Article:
It’s a little hard to picture Caron Butler — all 6’7″, 215 pounds of him — in Lycra shorts and a tight-fitting yellow cycling shirt with about 1,000 sponsors plastered all over it. You know, decked out like the weekend warrior cyclist.
But if you’ve been in Washington DC this summer, you may well have seen him on a bike. Not that outfit, but Butler getting in some road work.
“Yea, I’m biking a whole lot. Trying just to avoid wear and tear I bike a lot more,” Butler told PBT in an interview last week. “It something I’ve grown to like a lot.”
Like a lot of veterans (Butler is about to enter his ninth year in the league), he is a guy looking for a way to break up the workout routine, and find something that can not put the pounding on the body that running up and down a hardwood floor all winter can do.
At his size, Butler can’t just buy a bike off the rack, he had one custom built in Chicago. And he put it to use.
“I ride a lot of miles, it varies from sometimes 40 mile rides to 20 mile rides. But I definitely get it in every day,” he said.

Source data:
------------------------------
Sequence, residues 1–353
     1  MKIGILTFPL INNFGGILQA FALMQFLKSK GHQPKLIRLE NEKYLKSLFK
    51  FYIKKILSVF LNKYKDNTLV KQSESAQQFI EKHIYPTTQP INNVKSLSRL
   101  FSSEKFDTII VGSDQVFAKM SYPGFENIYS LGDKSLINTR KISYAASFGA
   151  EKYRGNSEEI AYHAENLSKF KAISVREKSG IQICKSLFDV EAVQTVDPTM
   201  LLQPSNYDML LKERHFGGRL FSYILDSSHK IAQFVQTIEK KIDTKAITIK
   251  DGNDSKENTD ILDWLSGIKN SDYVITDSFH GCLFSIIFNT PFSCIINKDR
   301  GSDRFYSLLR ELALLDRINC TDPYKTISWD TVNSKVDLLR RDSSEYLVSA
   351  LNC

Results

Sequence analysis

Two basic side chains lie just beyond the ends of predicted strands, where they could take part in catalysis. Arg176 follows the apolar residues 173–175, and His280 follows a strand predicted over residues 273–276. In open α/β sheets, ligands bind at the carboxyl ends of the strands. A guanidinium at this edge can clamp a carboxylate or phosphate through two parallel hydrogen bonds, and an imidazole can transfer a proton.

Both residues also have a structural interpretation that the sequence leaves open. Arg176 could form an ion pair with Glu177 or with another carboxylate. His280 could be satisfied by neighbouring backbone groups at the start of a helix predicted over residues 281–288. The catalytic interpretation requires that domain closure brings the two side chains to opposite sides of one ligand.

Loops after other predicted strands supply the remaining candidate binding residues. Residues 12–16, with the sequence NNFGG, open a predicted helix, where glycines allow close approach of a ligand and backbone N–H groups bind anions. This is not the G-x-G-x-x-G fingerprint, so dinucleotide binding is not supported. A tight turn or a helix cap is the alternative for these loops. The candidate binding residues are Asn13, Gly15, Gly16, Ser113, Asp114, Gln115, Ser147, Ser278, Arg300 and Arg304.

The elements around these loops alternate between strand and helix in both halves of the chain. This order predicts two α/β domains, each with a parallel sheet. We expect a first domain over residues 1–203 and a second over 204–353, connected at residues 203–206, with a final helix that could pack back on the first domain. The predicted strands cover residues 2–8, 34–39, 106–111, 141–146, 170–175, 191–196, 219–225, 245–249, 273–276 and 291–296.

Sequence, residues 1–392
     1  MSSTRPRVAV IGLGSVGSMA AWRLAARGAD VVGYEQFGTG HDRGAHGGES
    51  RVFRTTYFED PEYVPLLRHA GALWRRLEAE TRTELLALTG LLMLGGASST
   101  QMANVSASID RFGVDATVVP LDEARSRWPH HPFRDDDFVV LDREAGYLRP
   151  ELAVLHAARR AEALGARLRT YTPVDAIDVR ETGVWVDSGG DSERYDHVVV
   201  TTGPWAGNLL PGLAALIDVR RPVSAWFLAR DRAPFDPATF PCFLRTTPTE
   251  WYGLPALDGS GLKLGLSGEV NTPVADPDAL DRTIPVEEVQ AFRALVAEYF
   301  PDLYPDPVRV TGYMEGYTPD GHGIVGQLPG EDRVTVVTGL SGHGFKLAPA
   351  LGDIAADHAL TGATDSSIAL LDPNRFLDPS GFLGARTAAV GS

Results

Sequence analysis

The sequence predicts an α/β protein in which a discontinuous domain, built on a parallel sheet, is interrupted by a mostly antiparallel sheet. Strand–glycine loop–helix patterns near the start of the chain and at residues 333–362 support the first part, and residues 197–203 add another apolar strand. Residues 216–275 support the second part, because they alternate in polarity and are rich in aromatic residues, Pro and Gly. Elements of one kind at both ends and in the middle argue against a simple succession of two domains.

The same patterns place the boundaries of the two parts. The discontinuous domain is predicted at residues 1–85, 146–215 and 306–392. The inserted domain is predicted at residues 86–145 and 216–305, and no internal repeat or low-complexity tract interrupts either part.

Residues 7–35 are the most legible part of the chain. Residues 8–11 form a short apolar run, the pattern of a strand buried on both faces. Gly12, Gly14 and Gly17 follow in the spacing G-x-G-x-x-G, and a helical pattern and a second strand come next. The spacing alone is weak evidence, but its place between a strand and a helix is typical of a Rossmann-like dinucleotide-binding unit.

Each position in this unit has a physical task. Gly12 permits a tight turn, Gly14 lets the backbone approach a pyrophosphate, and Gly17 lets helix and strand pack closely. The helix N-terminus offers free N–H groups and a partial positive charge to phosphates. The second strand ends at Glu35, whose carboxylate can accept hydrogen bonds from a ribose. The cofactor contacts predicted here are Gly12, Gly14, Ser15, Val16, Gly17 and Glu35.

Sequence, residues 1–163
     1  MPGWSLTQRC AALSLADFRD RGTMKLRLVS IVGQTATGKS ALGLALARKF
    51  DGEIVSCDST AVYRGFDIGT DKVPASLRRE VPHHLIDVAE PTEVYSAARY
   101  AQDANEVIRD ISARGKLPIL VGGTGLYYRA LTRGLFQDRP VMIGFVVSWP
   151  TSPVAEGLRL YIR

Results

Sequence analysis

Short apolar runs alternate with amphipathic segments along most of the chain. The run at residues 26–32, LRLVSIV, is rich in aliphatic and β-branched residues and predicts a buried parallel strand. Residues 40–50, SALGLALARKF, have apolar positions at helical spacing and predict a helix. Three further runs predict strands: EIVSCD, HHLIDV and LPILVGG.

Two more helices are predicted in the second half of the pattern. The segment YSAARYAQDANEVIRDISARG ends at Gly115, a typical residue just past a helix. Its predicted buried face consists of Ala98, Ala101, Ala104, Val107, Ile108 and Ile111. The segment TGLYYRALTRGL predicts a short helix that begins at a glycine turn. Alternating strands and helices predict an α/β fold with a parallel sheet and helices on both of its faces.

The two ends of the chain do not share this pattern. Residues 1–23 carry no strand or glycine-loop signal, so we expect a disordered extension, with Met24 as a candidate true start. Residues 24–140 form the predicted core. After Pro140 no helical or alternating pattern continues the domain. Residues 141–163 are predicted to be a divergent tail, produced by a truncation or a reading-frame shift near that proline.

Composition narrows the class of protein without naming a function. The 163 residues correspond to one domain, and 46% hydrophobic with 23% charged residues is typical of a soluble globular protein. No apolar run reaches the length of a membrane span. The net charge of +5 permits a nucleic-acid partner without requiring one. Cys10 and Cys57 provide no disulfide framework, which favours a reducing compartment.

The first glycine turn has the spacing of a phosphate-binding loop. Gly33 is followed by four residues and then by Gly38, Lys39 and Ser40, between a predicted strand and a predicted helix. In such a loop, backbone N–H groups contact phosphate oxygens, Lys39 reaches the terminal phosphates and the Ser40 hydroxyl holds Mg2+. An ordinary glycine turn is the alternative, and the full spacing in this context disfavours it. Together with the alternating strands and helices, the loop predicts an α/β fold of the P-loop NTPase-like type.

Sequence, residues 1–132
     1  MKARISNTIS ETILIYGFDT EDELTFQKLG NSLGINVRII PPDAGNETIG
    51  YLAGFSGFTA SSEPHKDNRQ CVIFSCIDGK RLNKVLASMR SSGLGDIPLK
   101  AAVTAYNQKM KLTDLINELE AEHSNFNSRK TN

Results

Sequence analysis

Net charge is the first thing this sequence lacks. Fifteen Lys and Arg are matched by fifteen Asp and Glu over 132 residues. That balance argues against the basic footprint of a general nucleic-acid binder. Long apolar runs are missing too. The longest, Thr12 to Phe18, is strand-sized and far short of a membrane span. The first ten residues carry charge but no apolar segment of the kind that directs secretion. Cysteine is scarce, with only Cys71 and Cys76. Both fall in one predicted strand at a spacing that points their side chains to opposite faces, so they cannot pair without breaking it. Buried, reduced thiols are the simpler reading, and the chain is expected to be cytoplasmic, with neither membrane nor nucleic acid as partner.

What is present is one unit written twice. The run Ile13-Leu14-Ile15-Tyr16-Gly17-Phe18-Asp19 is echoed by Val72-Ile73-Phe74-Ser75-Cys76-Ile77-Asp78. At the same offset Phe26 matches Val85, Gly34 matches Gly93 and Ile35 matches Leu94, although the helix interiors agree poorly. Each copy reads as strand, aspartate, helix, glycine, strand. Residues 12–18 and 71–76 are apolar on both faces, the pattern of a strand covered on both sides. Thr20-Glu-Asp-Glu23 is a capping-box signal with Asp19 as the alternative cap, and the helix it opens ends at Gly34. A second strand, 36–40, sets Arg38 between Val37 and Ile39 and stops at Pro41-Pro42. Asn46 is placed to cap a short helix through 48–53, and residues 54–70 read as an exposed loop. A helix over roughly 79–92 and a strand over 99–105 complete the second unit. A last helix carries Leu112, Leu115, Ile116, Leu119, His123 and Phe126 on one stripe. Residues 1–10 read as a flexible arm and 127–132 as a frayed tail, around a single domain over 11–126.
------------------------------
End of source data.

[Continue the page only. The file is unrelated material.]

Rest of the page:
That’s in addition to weight work and getting out on the court.
“I still get in the gym to get my skill work in and my shots, you know I got to see the ball go in to keep my rhythm and to keep the confidence,” Butler said. “But at the same time I’d doing a lot more on the bicycles, and it’s just really helping me with the wear and tear.”
Pretty soon, Butler is heading from Dallas (where he moved back to just last week) to Chicago, to work out for the legendary Tim Grover. He’s the guy who earned his reputation with Michael Jordan and has since worked with Kobe Bryant, LeBron James and a ton of he NBA’s top talent.
“At the end of the month I’m going down to Tim Grover’s spot for a month and be with them and work on my explosiveness and get the chance to work out with some of the guys that are there,” Butler said. “Pretty much go to Grover’s and get ready for a big year.”
Butler had a good last season, playing in 74 games (the most since his first year in Washington) and giving the Mavericks nearly 38 minutes a game, 16.3 points per contest, but his shooting percentages fell well off (his traditional shooting percentage dropped from 45.3 percent to 42.8 percent, his True Shooting percentage dropped from .552 (points per shot attempt) way down to .507).
That and the early loss in the playoffs is why Butler is going to Grover’s. And why he is on the bike. He didn’t like the taste of the end of last season.
This was the first of several posts on Butler after speaking to him last week from his home in the nation’s capital. Up tomorrow will be his thoughts on the Mavs season past, coming up, and if he ever thinks about that Miami Heat team from 2003.